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How many are too many?


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That's interesting.. I would be curious. I know as a nurse I felt like 4 was plenty to keep me busy but that was in hospitals. I think it makes it really hard/unsafe to be spread too thin. Mornique how many residents do you have on an average shift? 

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1 hour ago, Tanny said:

That's interesting.. I would be curious. I know as a nurse I felt like 4 was plenty to keep me busy but that was in hospitals. I think it makes it really hard/unsafe to be spread too thin. Mornique how many residents do you have on an average shift? 

On average about 16. I've gone to some facilities they give you a full double hallway with just you and the nurse to attend to 20+ residents.

I honestly think it's crazy TX doesn't have a nursing ratio to patient's. Which can be very overwhelming especially on first shift. With all the get up, meals, bathing toileting and answering call lights. 

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4 hours ago, Mornique Dicey said:

On average about 16. I've gone to some facilities they give you a full double hallway with just you and the nurse to attend to 20+ residents.

I honestly think it's crazy TX doesn't have a nursing ratio to patient's. Which can be very overwhelming especially on first shift. With all the get up, meals, bathing toileting and answering call lights. 

Yes that's insane! How do you manage your time and stay safe and sane? 

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34 minutes ago, Montana Hiltbrand said:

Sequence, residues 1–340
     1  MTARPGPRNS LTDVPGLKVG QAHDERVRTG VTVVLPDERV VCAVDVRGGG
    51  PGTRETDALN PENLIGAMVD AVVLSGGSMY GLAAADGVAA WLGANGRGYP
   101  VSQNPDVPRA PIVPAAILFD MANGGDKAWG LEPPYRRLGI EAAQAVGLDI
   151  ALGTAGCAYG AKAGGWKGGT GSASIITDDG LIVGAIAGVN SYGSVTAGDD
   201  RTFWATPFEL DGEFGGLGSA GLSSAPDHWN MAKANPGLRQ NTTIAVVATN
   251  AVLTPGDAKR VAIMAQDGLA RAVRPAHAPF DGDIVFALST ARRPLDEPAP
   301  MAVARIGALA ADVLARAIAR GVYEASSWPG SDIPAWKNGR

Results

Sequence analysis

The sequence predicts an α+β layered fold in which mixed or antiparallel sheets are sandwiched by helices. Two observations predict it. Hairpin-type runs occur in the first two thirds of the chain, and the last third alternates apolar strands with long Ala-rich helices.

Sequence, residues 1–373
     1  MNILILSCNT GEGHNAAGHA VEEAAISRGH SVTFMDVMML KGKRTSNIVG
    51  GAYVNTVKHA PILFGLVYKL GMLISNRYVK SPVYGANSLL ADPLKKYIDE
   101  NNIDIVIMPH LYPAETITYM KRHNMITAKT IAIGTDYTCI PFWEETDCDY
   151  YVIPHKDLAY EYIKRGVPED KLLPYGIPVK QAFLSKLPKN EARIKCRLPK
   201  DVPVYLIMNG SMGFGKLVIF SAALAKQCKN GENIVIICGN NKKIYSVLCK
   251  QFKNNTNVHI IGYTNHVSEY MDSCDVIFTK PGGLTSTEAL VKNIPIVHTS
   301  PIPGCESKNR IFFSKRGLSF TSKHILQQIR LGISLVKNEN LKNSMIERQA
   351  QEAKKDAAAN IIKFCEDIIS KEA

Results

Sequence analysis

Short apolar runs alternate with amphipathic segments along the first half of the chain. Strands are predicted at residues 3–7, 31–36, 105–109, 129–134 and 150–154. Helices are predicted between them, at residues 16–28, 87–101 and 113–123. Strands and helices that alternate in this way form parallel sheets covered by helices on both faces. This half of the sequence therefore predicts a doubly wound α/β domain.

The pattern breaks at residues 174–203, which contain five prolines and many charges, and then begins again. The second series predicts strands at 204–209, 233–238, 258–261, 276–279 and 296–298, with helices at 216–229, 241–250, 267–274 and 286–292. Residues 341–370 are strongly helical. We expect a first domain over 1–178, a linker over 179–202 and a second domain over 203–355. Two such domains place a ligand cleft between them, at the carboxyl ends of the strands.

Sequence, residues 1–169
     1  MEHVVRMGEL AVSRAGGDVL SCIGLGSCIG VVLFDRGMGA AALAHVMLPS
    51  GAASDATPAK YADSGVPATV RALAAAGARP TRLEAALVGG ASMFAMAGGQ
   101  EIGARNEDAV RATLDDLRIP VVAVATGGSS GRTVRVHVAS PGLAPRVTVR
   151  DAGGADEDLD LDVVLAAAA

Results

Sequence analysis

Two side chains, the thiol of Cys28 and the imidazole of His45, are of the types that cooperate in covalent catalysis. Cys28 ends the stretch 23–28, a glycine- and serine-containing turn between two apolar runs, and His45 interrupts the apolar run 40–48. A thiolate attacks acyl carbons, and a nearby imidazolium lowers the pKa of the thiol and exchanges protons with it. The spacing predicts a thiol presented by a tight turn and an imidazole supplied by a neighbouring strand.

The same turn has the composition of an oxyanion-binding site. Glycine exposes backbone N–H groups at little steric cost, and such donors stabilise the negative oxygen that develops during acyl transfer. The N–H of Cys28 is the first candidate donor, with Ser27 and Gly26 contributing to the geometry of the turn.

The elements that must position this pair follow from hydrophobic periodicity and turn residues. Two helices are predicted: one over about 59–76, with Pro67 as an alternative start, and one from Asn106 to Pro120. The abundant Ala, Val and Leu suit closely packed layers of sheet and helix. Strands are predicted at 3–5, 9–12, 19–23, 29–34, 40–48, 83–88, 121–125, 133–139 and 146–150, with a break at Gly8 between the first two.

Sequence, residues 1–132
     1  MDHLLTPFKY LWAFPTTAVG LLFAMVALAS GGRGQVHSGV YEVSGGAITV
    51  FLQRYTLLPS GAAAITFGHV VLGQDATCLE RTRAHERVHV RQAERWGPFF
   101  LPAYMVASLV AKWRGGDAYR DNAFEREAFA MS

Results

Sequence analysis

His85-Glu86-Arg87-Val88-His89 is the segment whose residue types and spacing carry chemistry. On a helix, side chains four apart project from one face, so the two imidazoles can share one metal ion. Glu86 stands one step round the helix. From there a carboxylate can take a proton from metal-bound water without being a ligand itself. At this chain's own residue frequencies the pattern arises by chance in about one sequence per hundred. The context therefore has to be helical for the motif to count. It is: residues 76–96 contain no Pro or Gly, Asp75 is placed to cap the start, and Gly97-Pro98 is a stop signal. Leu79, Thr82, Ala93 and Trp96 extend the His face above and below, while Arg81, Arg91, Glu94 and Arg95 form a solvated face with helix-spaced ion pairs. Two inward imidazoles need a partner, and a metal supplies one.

Yes that's insane! How do you manage your time and stay safe and sane? 

😅 when I go to a new or fairly new facility at the start of my shift if it's an AM. I ask the nurse who needs to be up for breakfast, the showers for the days, if anyone has appointments. Start there then take it one resident at a time. When I feel overwhelmed I kill that feeling with kindness and sing, "I'm trying my best, trying my best, doodoo that's all I can do." I'm a very positive outgoing person with high energy so it does balance out. Sometimes I do spend a bit of break charting just to get it out of the way.

Edited by Mornique Dicey
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15 minutes ago, Mornique Dicey said:

😅 when I go to a new or fairly new facility at the start of my shift if it's an AM. I ask the nurse who needs to be up for breakfast, the showers for the days, if anyone has appointments. Start there then take it one resident at a time. When I feel overwhelmed I kill that feeling with kindness and sing, "I'm trying my best, trying my best, doodoo that's all I can do." I'm a very positive outgoing person with high energy so it does balance out. Sometimes I do spend a bit of break charting just to get it out of the way.

I love this! So glad you shared. Hearing other people's routines/tips and tricks helps a ton.